Former Apple, Google Engineers Develop Nest Learning Thermostat
October 25, 2011 12:04 PM
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Over time, Nest automatically learns about its homeowners through the homeowner's actions, and automatically makes temperature changes that suit the user's needs
Engineers from Google and Apple have stepped in to update a small gadget known to create large monthly energy bills:
Thermostats can be a pain. Some have old or complex interfaces that make it much too difficult to program, so homeowners must constantly tweak the heat or air conditioning for that right temperature. Even when a thermostat is programmed, MSNBC reports that the small box accounts for half of the power consumption of a home, leading to shocking
at the end of the month.
To address these issues, a team of engineers, many of which are from Google and Apple, have come together to create an updated thermostat: the Nest learning thermostat.
Nest consists of a circular screen and a dial-based interface that is clear and simple to navigate. It tells the homeowner what the current temperature of that zone is, and how long it will take to reach a desired temperature so that the user doesn't constantly tweak it in order to reach that temperature faster and end up overcompensating.
Nest also has two types of proximity sensors. One sensor activates the screen as you near it, which saves internal battery power when you're not directly in front of it. The other identifies your occasional presence in the room, which allows it to detect when you're at home or away. It will automatically adjust its settings when you're away to save energy. When a few degrees are adjusted for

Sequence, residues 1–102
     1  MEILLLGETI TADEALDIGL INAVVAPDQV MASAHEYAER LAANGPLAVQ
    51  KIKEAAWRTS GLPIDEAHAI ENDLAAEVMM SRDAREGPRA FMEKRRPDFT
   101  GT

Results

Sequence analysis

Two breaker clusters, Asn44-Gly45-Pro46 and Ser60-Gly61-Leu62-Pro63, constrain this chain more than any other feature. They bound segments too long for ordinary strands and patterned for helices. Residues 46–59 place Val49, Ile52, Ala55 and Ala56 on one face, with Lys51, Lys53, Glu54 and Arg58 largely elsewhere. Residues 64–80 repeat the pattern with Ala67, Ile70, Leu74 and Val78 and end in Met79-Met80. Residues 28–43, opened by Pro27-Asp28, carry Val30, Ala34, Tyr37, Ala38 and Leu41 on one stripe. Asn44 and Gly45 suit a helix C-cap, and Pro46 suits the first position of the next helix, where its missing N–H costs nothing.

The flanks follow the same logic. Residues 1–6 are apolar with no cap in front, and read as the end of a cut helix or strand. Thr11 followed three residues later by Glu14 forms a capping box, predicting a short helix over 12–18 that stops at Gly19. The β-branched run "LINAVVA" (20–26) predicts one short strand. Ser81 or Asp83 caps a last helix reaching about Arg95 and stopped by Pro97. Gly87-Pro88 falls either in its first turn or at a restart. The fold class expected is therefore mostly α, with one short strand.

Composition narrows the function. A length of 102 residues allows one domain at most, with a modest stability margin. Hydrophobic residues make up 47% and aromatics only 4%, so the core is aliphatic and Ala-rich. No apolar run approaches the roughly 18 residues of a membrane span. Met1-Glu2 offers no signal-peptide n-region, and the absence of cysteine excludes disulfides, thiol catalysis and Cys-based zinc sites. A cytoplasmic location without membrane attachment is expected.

, a glowing leaf appears.
What truly makes Nest unique is its ability to learn. Over time, Nest automatically learns about its homeowners through the homeowner's actions. For instance, if a homeowner has a fairly regular work pattern of leaving from 9 a.m. to 5 p.m., Nest will pick up on this pattern and adjust temperature settings accordingly. When heat or air conditioning settings are changed, Nest is paying attention to see what the user prefers. It only takes about one week for Nest to learn regular patterns and begins making these changes automatically for the homeowner.
Nest even has built-in Wi-Fi, which allow Android, iPhone or iPad users to control the thermostat from their mobile devices. Nest is capable of learning these actions as well, and will eventually start making the adjustments that the user makes from outside of the home.
Nest is currently available for pre-order at
, and will run you $250. While this seems like a pricey introductory cost, Nest engineers believe the device will pay for itself when you see a change in your energy bills.
This article is over a month old, voting and posting comments is disabled
10/25/2011 4:23:29 PM
The high price is because Apple made it. People will buy it because it is 'elegant', 'cool', and 'you don't have to be an engineer to use it'.
Leave it to Apple to take a product with two mechanical contacts on a microprocessor to market it into oblivion. Maybe they'll call it the iComfy too.
10/25/2011 5:08:10 PM
RTFS...EX-Apple and EX-Google engineers...neither Apple nor Google have anything to do with this product.
But you are correct in that people WILL buy things if they are "elegant", "cool", and "you don't have to be an engineer to use it". In fact, those three atributes alone would probably push any product to the top of it's market.
So, you have a choice. Cater to a subset of humans called Geeks who LIKE to spend most of their time engaged in tinkering with hardware and software to make something run exactly as they wish it to, and make SOME money; or cater to everyone else by making something elegant, cool, and easy to use, and make LOTS of money...your choice.
"I mean, if you wanna break down someone's door, why don't you start with AT&T, for God sakes? They make your amazing phone unusable as a phone!" -- Jon Stewart on Apple and the iPhone
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